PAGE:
International Women’s Day 2022: Why is Wall Street still a man’s world?
Finder's new report, International Women's Day: Work, Wealth and Financial Equality, discusses the gender finance gap in everything from superannuation to cryptocurrency. Read more about our findings here.
"Money is not my thing. I wouldn't know which stocks to choose. I'm not good with numbers. It doesn't come naturally to me. I'll just ask my husband or dad or brother or colleague or babysitter or plumber what to do."
Investing is a man's world because it was built for men. Studies have found the language used to describe the stock market – "beating" the market, "building" your portfolio, "market carnage" – is male-oriented, bringing to mind concepts such as combat and construction that appeal more strongly to men.
Plus, women have less money to invest in the first place. The gender pay gap and lower bank balances, plus the fact women are more likely to be single parents or caretakers mean women have less disposable income to put into shares. The average man ($22,500) has more than twice as much money in shares as the average woman ($10,700), according to Finder's Consumer Sentiment Tracker.
But there's positive news too.
Women make better investors
Yes, you read that correctly. Studies have found women earn better long-term returns on their investments than men. A 10-year analysis of Fidelity customers found women earned 0.4 percentage points more per year than men. The key difference is trading patterns: women trade half as frequently as men. By avoiding risky trades and not overspending on trading fees, women actually perform better.
Studies have also consistently shown men typically make riskier investments than women. But are these differences somehow hard-wired from birth? It's likely gender norms are partially to blame. Men have traditionally been the breadwinners and guardians of household finances, leaving women to defer the decision-making to their fathers and partners.
We live in a very different world now, but these norms are hard to shed. One study from the University of California, Berkeley found that simply reading about the concept of masculinity caused men to take greater risks, which drives the point that social context and environment play an important role in how we approach risk.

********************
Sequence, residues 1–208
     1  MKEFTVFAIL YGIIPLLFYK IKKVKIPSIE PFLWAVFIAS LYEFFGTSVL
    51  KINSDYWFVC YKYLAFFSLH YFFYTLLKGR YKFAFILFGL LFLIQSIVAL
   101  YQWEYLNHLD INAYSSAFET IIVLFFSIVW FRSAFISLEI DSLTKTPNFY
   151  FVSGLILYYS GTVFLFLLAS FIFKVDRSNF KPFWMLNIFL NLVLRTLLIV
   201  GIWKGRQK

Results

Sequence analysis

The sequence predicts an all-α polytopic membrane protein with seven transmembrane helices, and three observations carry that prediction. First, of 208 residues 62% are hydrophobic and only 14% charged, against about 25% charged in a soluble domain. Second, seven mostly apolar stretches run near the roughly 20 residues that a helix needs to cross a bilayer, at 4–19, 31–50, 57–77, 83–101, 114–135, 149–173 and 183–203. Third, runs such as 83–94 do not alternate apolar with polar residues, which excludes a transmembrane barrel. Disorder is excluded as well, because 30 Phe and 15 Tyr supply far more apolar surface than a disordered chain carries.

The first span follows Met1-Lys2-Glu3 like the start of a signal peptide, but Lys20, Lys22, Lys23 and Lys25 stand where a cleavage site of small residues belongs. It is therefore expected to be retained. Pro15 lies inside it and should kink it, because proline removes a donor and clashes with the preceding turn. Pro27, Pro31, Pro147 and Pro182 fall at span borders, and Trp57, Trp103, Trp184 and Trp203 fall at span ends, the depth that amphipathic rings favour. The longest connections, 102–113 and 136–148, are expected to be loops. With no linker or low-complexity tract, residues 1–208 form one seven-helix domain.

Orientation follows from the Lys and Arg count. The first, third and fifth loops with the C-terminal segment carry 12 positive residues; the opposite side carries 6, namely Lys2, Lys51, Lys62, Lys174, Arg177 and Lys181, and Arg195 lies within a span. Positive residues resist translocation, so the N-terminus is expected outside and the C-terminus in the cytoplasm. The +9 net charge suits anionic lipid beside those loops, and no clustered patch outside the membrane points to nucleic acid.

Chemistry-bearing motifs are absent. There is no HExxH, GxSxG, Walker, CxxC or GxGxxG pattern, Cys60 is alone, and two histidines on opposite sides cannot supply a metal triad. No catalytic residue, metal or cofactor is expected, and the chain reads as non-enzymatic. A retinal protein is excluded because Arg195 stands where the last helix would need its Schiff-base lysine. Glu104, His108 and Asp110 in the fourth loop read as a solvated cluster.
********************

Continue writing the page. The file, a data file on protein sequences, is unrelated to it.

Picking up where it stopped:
The flip side of this is that women are more cautious with their money. We know that women have less debt and save more relative to their salaries. The same mechanism that makes women better at saving and managing debt is the one that makes us – rightfully – careful about where we invest our money.
So why aren't we seeing more women on Wall Street?
The "confidence gap" keeps women behind
There's little use in being a good investor if you're not investing. Men (44%) are still far more likely to own shares than women (25%). And despite their higher average returns, Fidelity said that just 28% of women describe themselves as confident when investing, compared to 51% of men. Just 9% believe they make better investors than men.
There's a similar story on cryptocurrency: men (29%) are more than twice as likely as women (13%) to own cryptocurrency. Regardless of how you feel about cryptocurrency, it isn't hard to see this new financial ecosystem is benefitting men far more than women.
In 2021, Forbes' World's Billionaires List included 12 names who earned their wealth from cryptocurrency, all of whom were men. This figure was up from just 4 male billionaires the previous year.
But this gap isn't caused by a lack of skill or understanding. For those who will point to women's lower financial literacy, research suggests about a third of the financial literacy gap can be attributed to lower confidence levels among women.
When women don't know the answer in financial literacy tests, they choose the "I don't know" option. But when there is no "I don't know" option, they are far more likely to get the answer correct. Confidence is a major part of the problem. A Finder quiz found women actually knew more about cryptocurrency than men.
In short, women know more than they think and would benefit from trusting their money savviness.
Closing the gap will take time
The wealth gap is insidious because it grows over decades and generations. To break the cycle, we need to help women get ahead with their finances.
This means addressing the flaws in the superannuation system that penalise women for having children, encouraging fathers to take parental leave and teaching children of all genders about money and wealth in school. Even something as simple as giving boys and girls equal pocket money – at the moment boys receive $52 more in allowance per year – can have a huge impact.
Getting more women into the world of investing means breaking down those ancient gender norms that label women as caretakers and men as financial gatekeepers. And that's what will narrow the gender finance gap.
Read the rest of our insights in Finder's International Women's Day report, International Women's Day: Work, Wealth and Financial Equality.
Finder's Insights Column examines issues affecting the Australian consumer. It appears regularly on finder.com.au.